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Call for closer scrutiny of NHS management consultants


Government-commissioned reports from management consultants should be peer reviewed to ensure they deliver value for money, according to King’s Fund chief economist Professor John Appleby.

Professor Appleby was speaking during a panel discussion on whether “management consultants were worth it” during a Labour conference fringe event called A Vote for Health?

He said: “One of things I certainly would suggest we need to do more of is to peer review the work that management consultants do.

“If I do work for the Department of Health under a research contract, for example, my work is peer reviewed – not just internally within the King’s Fund but by independent academics as well. And I think that is when you get the balance of what are the costs versus the benefits,” he said.

However RCN chief executive Peter Carter said: “Over the last few years there has been an explosion in the use of management consultants and we do not believe that they demonstrate good value for money.” 

But he added: “We do think it’s sensible that when a healthcare organisation has a bespoke task that it might be appropriate to buy that in.”


Readers' comments (2)

  • Jon Harvey

    I speak as a organisation development consultant.

    In my view many public services have become increasingly dependent on services provided by the consultancies - both large and small. It is very easy to blame the consultants for their shoddy work and 'snake oil salespeople' powers for selling what is not required. However, I would also say this is a two way street. I think the wrong type of consultancy is often procured.

    Instead of paying consultants to find out about the organisation and the issues in question and then deliver some whizzy externally imposed solution - it is far better and cheaper to find the solutions internally from the existing system. The job of consultants should be to help the client find their own solutions not deliver 'fixes' to them. Our job is help create the right milieu - in which you can do this.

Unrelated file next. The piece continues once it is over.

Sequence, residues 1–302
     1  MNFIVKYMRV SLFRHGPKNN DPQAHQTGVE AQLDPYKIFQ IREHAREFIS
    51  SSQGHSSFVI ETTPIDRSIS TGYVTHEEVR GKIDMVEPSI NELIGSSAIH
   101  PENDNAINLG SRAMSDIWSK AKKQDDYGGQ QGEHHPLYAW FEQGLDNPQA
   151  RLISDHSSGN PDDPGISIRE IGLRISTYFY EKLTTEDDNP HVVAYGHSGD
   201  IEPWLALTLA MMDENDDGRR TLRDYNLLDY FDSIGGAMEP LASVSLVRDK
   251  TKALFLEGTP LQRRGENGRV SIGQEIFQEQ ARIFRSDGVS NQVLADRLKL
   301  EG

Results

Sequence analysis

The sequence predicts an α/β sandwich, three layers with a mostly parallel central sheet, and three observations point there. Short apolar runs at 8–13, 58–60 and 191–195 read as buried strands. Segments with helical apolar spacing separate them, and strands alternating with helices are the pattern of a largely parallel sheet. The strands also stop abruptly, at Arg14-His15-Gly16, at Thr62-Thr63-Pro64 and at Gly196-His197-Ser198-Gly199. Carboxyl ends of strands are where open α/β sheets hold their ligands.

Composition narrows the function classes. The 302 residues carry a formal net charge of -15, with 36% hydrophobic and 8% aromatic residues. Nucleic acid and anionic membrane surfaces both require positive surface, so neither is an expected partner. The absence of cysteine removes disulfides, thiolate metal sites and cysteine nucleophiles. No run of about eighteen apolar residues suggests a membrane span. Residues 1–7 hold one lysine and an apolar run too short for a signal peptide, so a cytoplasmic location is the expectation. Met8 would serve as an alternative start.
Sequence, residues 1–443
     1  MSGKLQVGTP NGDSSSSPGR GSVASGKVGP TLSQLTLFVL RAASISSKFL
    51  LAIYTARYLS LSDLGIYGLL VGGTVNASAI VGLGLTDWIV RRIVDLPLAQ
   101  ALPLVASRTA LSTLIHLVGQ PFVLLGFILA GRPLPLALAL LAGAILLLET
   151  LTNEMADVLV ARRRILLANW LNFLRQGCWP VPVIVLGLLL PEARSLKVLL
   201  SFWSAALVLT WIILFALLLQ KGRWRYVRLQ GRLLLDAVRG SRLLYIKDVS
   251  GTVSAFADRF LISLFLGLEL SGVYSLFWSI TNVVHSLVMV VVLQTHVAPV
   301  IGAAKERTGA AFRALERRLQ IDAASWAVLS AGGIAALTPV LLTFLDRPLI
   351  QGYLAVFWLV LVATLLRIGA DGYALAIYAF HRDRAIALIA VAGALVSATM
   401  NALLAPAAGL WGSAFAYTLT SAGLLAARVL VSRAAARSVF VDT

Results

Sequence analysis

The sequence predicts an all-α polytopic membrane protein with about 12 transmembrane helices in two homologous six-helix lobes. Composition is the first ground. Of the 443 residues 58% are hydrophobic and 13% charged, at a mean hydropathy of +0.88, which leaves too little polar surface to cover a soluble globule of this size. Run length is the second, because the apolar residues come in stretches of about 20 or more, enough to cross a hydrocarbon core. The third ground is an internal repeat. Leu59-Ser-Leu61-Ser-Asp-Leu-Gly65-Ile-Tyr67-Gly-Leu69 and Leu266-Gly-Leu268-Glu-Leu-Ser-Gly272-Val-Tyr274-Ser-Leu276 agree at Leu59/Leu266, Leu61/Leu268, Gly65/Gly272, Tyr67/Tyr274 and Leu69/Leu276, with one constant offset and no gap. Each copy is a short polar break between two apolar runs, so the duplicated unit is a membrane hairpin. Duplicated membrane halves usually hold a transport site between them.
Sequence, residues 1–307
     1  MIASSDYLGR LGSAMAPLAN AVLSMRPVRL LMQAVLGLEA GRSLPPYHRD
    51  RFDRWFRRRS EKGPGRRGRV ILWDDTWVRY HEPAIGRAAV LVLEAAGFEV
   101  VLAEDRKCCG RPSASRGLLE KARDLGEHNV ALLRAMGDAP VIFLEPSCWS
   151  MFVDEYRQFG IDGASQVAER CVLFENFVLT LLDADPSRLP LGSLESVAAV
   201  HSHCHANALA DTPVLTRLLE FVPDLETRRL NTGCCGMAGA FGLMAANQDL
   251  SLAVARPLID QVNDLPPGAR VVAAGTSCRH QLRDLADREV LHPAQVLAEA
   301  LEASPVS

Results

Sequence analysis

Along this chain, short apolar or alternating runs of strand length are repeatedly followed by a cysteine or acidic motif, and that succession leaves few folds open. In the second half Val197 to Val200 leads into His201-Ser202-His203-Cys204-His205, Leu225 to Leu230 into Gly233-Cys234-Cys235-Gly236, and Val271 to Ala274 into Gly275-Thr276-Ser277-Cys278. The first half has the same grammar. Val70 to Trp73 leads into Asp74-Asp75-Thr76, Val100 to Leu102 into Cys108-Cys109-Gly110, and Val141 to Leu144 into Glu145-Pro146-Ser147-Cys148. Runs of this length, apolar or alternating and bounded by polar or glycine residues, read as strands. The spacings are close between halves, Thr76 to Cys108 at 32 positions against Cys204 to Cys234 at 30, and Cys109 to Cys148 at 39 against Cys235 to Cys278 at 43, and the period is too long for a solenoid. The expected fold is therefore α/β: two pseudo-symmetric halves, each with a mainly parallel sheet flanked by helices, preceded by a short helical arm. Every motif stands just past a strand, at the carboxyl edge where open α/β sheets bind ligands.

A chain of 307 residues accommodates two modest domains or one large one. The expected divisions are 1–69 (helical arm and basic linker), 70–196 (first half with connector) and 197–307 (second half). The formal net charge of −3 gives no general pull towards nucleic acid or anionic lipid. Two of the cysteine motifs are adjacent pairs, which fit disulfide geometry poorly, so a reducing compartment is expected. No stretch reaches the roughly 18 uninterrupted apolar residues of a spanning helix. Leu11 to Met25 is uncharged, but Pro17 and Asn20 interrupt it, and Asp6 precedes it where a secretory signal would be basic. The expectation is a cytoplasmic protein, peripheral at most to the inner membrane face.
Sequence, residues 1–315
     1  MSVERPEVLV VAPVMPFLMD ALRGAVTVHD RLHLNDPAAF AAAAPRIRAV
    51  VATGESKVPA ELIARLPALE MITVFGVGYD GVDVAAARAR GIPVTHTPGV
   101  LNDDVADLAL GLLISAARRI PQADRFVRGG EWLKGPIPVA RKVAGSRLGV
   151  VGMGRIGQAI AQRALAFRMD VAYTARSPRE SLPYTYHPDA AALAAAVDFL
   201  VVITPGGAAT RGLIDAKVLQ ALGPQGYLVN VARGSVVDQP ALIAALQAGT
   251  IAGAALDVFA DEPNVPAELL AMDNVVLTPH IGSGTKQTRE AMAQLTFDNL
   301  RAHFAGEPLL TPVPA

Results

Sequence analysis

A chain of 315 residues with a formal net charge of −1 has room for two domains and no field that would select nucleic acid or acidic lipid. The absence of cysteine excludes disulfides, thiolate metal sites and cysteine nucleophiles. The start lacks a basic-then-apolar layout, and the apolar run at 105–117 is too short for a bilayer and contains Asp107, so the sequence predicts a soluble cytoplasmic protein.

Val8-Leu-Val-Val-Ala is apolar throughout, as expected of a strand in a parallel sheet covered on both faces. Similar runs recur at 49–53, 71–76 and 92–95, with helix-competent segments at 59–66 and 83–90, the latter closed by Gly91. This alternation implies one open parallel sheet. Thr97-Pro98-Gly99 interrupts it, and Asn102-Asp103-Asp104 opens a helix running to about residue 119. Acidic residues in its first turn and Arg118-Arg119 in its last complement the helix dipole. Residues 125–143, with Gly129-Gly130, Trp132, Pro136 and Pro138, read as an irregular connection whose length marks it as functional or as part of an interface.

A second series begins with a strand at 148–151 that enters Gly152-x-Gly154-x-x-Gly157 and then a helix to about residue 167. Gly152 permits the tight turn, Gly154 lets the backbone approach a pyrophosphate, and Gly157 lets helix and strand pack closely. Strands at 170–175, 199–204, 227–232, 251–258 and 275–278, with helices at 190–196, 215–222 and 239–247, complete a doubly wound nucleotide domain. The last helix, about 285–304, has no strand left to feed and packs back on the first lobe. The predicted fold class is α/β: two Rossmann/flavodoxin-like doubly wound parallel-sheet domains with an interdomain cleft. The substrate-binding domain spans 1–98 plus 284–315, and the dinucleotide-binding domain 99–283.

Good consultants do the least for their clients - not the most. Our job is to do as little as possible to assist you ask and answer the right questions - not give you our answers...

    There is more on my blog post:

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  • some policies that come to the front line care services are clearly put together by someone alien to the work itself.
    let the staff that work it do the "peer review".

    even further out there... let the work force have part in the policy making.

    (mind you, they might ask for overtime pay)

    and think of all the money that can be saved if the front line nurses do not have to be fired during recession to have enough for the next generation of "management consultant consultants (dream up and insert own fancy new job title)"...

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